Ever wished your toddler would eat more vegetables? Encouraging your kids to eat more healthily can be lots of fun as they explore their sense of taste. I’m Louise from Building Blocks and Acorns and I’d love to share with you a few tips and tricks that are worth giving a go. This healthy tasting station is a great way to get any kids eating more vegetables – even fussy eaters may be more willing to give things a try!
Start with what they know
Setting up a tasting station is so simple. Start with a couple of things that your child likes eating (my two year old, who is known as ‘Darth’ on my blog thanks to my husband’s love of all things Star-Wars,) goes mad for peppers… to the point where he’ll happily munch on them like apples! So that’s where we started.
I sliced some different coloured bell peppers and put just a few slices in one section of a really inexpensive plastic ‘chips and dips’ plate.
It’s important not to overwhelm your little one. I know that ‘Darth’ is quite happy tasting different foods, so giving him this many choices is fine for him, as long as the quantities of each type of food is fairly small. For others, this would be ‘too much’ and could lead them to not knowing where to start. Particularly for ‘fussy eaters,’ start with a vegetable that they like (or would be more inclined to try,) along with just one other type of vegetable. You can always re-visit this activity and introduce different vegetables one at a time.
Fresh is Best
Fresh, or freshly frozen vegetables are much better for little ones to taste than something that’s coming towards the end of its shelf life. The molecular structure of vegetables changes as it ages and this can affect its flavour. The vitamin content is also reduced as fresh fruit and vegetables get older.
I would also strongly recommend organic vegetables and when we’re not growing any on our allotment, we try to buy organic as often as we can. The reason? There are lots of arguments for eating organic, but personally I just prefer knowing that I’m not putting chemicals in my new little person! It’s always worth getting the best quality fresh produce that you can afford, whether you choose organic or not.
Offer Vegetables in Different Ways
I wanted ‘Darth’ to try asparagus, so I kept a couple raw and boiled some for a few minutes to give two different textures. If he hadn’t liked either of them like this, I could have tried slicing them into unrecognisable pieces another time, too.
If there is a baby vegetable (such as baby carrots or baby sweetcorn,) sometimes that can be enough to entice little ones into trying it. As well as giving raw and steamed carrots (steaming preserves almost all of the vitamins and minerals in vegetables,) you could try slicing, cubing or even grating. I never peel our carrots – it’s where a lot of the nutrition is and it adds to the texture and flavour. Just make sure that you always thoroughly wash vegetables, even if they are organic.
Hot or Cold?
Play around with offering vegetables either at a safely hot temperature, room temperature, refrigerated or even frozen! This can affect the flavour of the vegetables, too. Doing this alone could be a great way of exploring their taste buds and investigating the flavours that are released at different temperatures!
Keep it Simple
Try not to disguise the flavours of the vegetables. This is a way for them to enjoy and appreciate different flavours. All too often, it’s tempting to try and ‘hide’ vegetables in meals. But why? Vegetables should have their own place and can certainly be appreciated by children if we don’t give them the impression that they are ‘nasty’ by hiding them or bribing them to eat some before they get something ‘tasty!’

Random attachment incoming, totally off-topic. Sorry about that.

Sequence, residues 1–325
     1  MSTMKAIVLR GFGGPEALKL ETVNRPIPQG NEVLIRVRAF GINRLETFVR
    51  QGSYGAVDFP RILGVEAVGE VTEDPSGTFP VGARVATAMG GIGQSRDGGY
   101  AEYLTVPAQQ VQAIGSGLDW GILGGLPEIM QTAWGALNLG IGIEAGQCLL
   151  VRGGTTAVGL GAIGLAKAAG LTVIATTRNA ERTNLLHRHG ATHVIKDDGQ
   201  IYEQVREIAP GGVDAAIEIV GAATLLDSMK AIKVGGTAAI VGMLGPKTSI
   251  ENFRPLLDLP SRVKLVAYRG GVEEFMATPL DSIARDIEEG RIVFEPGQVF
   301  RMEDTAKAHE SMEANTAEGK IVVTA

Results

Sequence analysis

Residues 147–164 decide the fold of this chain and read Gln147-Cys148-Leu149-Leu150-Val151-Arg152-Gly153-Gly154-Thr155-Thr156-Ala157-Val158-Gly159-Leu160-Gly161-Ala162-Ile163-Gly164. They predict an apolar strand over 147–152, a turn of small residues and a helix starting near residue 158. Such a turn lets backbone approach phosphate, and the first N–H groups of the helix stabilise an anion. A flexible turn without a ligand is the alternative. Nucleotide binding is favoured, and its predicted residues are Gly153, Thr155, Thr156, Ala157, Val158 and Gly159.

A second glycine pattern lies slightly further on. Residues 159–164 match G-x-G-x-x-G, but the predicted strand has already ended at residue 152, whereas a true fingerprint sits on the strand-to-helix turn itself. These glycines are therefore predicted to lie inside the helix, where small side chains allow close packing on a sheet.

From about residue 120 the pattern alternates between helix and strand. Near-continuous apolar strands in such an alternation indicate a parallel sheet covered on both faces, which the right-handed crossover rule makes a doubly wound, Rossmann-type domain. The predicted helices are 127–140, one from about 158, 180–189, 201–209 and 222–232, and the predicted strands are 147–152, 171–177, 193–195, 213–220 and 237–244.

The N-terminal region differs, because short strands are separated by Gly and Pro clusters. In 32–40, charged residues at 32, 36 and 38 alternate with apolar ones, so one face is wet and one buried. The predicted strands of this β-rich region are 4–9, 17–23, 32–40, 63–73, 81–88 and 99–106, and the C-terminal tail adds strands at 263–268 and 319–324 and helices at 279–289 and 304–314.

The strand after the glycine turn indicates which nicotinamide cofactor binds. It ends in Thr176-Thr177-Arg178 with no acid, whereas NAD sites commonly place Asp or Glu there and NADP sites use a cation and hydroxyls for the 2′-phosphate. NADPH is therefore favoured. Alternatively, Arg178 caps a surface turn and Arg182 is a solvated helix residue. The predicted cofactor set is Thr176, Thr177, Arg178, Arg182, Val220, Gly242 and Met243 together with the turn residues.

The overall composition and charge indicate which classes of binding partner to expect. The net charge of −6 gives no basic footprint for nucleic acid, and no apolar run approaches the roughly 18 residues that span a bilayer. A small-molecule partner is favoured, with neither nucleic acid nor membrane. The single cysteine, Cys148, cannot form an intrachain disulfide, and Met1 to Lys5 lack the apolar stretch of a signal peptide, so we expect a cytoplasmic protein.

The only flavour I ‘enhanced’ was that of the sweet potato and swede chunks, as they can be fairly bland. I fried them gently in olive oil for a few minutes, adding a sprinkling of Italian herb seasoning which was a huge hit with ‘Darth!’ He wasn’t too sure about the cooked beetroot, though… I think we’ll try it grated, next!
Create your own dips
We whizzed up some lightly steamed spinach with a hand blender. ‘Darth’ loved helping out and seeing the spinach change from individual leaves, to a vibrant green liquid. We poured some into the middle of the tray, and popped half a banana in with the rest of the mixture to create a banana and spinach smoothie! A little splash of fresh orange juice and you don’t even taste the spinach!
Let them Explore
Allow your little one the freedom to try different things without your intervention. Particularly if you have a ‘fussy eater,’ making a fuss can sometimes make the situation worse. Just leave the platter out in a safe and accessible place and let them graze if they want to. If they don’t, then just let them see you grazing and enjoying it (don’t go over the top with saying how good everything is… they can see right through it!) They will soon be over to have a look and try something out.
Grow your Own
All of these vegetables were shop-bought. But in a few months, we’ll have some delicious, incredibly fresh home grown organic vegetables that ‘Darth’ helps us to grow. Getting your kids involved in growing the vegetables gives them that ownership and they will be desperate to taste that 2cm carrot that they grew all by themselves!
Let them Help
Choose activities that your little one can safely do to help you prepare. Could they wash the vegetables? Chop soft vegetables with very close supervision using an appropriate knife? ‘Darth’ even ended up shelling peas last Summer!
Thank you to Louise from Building Blocks and Acorns for sharing their Tasting Station – I wonder if the same method would work on getting my husband to eat vegetables! This guest post is part of our Five Senses Play Challenge, for the sense of taste. Click here for more taste activity inspiration.
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